Tarot card truth

By Diana Ashjian
October 21, 2004

Cecelia Francisco

With October in full swing, we are introduced to the fall’s chilly air and Halloween, the Celtic celebration of the dead, which dates back about 2,000 years. Depending on what you believe it might be a good idea to stay away from black cats, broken mirrors and room 266 in Grace hall.

Personally, I like the suspense of October’s superstitious inclinations and the season’s mythological idea that the fall exists to hide the sun from the entire world until Persephone, an abducted Greek goddess, is returned to her mother, Demeter, from the underworld that knows no spring.

In thinking about the spooky traditions we college students typically use to entertain ourselves this particular month, I think a great alternative to horror movies and haunted-hay rides would be to get a tarot card reading. After receiving one myself back in February, I became curious about where tarot cards come from and how they’re read. The word “tar” is an Australian gypsy’s word for card; hence, we have the term, tarot cards. In a book by Eden Gray about the tarot, I learned that the revelations of the cards are very closely related to the secret and very old beliefs of Hebrews, Kabbalists and Masons.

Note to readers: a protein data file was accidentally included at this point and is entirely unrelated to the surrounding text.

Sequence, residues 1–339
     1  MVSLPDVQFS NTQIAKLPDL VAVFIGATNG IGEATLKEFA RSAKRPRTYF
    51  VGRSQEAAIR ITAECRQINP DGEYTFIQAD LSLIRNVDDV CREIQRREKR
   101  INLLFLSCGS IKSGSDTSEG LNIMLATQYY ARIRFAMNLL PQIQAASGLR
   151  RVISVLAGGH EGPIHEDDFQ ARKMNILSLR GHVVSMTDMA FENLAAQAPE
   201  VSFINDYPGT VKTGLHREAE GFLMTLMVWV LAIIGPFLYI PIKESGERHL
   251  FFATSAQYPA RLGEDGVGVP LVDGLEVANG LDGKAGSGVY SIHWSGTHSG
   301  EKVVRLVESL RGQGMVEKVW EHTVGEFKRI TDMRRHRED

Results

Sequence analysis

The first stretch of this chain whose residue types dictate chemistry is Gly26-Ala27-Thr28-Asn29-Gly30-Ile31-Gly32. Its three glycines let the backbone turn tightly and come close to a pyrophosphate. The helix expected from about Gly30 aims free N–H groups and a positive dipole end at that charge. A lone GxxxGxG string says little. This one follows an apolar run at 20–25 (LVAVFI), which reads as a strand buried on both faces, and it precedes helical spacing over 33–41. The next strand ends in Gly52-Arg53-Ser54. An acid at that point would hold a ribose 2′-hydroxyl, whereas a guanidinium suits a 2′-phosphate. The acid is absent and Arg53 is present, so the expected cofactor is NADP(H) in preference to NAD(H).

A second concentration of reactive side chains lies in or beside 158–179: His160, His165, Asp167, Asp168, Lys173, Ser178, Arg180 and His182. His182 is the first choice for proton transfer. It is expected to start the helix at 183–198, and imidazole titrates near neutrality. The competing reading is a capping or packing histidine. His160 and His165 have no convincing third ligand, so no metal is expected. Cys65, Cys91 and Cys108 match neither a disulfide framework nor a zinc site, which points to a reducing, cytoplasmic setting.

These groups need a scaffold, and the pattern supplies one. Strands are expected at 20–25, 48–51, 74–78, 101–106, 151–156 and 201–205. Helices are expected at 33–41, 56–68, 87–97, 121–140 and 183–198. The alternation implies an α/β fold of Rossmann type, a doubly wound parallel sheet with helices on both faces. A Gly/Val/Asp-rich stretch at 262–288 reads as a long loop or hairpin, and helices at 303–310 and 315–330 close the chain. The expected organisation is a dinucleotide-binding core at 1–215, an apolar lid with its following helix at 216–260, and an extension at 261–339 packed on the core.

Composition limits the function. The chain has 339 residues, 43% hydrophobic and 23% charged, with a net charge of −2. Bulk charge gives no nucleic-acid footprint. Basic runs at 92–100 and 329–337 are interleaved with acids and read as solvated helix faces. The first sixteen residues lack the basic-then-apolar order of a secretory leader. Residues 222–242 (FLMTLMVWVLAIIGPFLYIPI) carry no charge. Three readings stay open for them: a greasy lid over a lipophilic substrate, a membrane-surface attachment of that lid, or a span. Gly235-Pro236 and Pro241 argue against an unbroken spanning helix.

Some of these revelations are said to date all the way back to an ancient twelfth century in places like Egypt. The cards are to be dealt by mystic chance not much differently from black-jack and are symbolic depictions open for interpretation meant to include wisdom, council and psychological insight regarding your application of self to your surroundings.

One very interesting question is: are tarot readings for real? Well, my opinion is that since the tarot cards are openly interpreted, than, that means they are not necessarily true.

In fact, I don’t think there is too much that is absolutely true because every person has a different belief, even if it based on the belief of another. And where is it is that a person can find truth?

Could it be inside a number; a religion; a feeling? Regardless, every person’s “truth” is different even if it is described as the same. Accordingly, what comes from a tarot reading is someone else’s explanation of the cards you’re dealt right then and there in association with the cards you will be dealt, so to speak, throughout your life.

However, it’s all in good fun whether you believe your fate is destined, determined by free will or it’s a combination of both.

So if you plan to sport your vampire costume around outside of Cabrini’s campus this Halloween, you could always drop in on an astrology shop and see what the stars have in store for you.

If you do, remember that whether you’re told you’ll be a doctor, a lawyer or an Indian chief, my personal belief is that nothing is engrained in stone and the only right way to go is your own way. Just try not to walk underneath a ladder on your way there.

Posted to the web by Cecelia Francisco

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Diana Ashjian

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